‘Sue Anyone and Everything:’ New York to Protect Obese People from Discrimination

New York City has passed a controversial “weight discrimination” bill. The bill, set to be signed into law by Democrat New York City Mayor Eric Adams this month, would outlaw discrimination based on a person’s ‘height or weight’ in ’employment, housing, and public accommodation.’

Councilman Shaun Abreu, one of the bill’s primary sponsors, said he decided that weight discrimination was a “silent burden” that needed addressing when he was treated differently after gaining more than 40lbs during the lockdown. “They’re being discriminated against with no recourse and society saying that’s perfectly fine,” he said.

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The law was also supported by several activists and charity groups, including charities including the self-named “Fat Fab Feminist”  Victoria Abraham, who testified to the city council in support of the legislation earlier this year.

‘”In most places in the United States, you can get fired for being fat and have no protection at all, which is crazy because this is a very fat country.” she told ABC7NY.

“Walking into a job interview as a fat person, I’m already at a disadvantage,” said Victoria Abraham. “I know that whatever my qualifications are, my weight is a con.“I know that at least when I get a job, if I’m experiencing this discrimination, I have someone supporting me. I have the support of the government; I have legal protection where there wasn’t any before.”

Advocacy director National Association for the Advancement of Fat Acceptance Tegan Lecheler, who also worked on the bill,  said she hoped the legislation would “encourage a larger conversation of framing this beyond health.”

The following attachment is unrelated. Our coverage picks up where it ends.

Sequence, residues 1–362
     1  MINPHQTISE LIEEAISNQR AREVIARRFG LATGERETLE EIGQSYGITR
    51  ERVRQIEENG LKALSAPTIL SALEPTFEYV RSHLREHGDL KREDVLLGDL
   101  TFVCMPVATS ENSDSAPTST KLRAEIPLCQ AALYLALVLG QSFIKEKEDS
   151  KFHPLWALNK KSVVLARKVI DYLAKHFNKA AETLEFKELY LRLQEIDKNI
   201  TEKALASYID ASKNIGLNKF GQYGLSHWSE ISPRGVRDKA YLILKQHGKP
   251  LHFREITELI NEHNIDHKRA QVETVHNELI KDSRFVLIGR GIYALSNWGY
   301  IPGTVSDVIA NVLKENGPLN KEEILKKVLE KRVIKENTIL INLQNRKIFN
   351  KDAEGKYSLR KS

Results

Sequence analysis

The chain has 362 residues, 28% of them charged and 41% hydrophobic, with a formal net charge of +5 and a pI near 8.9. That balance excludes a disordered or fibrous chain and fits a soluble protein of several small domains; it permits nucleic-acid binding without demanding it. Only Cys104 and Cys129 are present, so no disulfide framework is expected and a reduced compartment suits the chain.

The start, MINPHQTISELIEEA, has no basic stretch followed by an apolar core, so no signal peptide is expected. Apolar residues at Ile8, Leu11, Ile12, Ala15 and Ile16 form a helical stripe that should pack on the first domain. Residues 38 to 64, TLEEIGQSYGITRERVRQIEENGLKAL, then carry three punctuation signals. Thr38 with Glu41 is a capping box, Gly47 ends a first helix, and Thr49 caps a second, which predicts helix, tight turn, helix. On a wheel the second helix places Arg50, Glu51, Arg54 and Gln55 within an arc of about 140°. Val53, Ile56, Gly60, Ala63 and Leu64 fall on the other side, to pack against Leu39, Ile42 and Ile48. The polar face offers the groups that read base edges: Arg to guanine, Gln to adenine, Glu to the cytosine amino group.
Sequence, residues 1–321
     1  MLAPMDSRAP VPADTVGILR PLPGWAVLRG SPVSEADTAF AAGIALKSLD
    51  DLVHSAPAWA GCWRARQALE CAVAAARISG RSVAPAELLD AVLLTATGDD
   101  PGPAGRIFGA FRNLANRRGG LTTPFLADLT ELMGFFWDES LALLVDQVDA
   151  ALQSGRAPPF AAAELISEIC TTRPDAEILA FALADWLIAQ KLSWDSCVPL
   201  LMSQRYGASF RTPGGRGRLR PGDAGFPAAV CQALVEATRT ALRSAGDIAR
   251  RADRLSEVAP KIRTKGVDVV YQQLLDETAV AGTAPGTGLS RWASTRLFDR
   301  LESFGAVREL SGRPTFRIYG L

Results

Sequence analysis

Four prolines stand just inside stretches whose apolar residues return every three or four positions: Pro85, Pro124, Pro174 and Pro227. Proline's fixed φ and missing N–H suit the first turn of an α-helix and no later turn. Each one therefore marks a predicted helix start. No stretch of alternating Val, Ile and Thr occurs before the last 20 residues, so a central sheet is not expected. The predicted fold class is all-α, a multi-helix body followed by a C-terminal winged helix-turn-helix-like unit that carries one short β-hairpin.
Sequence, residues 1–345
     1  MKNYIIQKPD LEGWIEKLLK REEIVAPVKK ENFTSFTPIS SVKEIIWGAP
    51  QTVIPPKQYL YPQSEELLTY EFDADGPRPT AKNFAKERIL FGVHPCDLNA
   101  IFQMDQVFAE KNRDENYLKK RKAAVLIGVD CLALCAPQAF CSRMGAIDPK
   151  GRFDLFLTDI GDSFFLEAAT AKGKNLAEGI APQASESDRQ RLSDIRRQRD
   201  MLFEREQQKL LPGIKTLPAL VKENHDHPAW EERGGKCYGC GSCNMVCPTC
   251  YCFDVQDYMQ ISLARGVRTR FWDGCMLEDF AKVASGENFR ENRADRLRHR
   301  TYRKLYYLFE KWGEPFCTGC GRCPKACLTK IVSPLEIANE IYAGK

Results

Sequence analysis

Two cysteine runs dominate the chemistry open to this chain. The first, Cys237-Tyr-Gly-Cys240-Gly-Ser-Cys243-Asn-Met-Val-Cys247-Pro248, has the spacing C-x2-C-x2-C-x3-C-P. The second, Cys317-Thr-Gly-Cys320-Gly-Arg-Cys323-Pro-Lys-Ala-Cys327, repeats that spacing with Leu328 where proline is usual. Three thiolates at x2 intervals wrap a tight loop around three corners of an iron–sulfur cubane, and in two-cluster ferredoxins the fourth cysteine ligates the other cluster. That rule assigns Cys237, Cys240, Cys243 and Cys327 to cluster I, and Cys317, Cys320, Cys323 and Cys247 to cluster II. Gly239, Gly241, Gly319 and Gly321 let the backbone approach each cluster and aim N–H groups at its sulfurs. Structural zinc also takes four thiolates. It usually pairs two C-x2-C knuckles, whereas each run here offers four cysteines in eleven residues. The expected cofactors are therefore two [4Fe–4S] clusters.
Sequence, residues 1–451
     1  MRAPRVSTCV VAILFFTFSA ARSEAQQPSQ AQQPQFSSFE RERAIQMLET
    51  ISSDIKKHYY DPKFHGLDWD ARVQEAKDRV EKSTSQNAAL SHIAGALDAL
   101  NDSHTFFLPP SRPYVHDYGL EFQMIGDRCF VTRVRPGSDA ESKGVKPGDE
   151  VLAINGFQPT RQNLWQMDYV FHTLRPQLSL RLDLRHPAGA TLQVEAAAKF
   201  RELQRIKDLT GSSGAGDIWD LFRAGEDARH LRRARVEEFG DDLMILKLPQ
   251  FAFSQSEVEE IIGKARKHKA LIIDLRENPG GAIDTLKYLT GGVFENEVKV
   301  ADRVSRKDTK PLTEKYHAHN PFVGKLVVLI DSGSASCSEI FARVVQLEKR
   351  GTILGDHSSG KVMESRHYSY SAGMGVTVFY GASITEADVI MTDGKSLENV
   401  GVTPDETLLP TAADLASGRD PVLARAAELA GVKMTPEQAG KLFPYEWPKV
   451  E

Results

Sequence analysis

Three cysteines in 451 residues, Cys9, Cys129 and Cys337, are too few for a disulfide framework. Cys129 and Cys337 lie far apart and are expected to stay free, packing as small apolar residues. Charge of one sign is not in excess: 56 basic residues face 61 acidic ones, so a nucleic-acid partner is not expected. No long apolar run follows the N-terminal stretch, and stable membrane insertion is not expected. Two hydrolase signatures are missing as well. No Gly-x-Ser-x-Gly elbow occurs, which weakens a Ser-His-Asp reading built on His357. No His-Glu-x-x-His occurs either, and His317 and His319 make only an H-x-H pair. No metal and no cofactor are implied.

“It’s not a health issue. It’s a civil rights issue. This is really about if people are safe and protected and have the right to be in spaces.”

While the bill seems harmless on the surface,  Republican New York City council minority leader Joseph Borelli raised concerns that it will empower people to “sue anyone and everything.”

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Councilman Borelli told the New York Times his concerns as well. “I’m overweight, but I’m not a victim. No one should feel bad for me except my struggling shirt buttons,” he said jokingly.

Due to this, some regulations in defense of employers are included in the bill, allowing them to consider height or weight when it’s “reasonably necessary” for the “normal operations” of a job.

The bill received widespread support and passed 44-5 in the council on Thursday. San Francisco, Washington DC, and Michigan already have a similar law, while New York State, Massachusetts, Vermont, and New Jersey are considering joining them.

And with that, overweight individuals are in a civil-rights-protected class in New York City. Which group will be added next to the seemingly infinite list is anybody’s guess.

Some observers on Twitter are not happy with the development.


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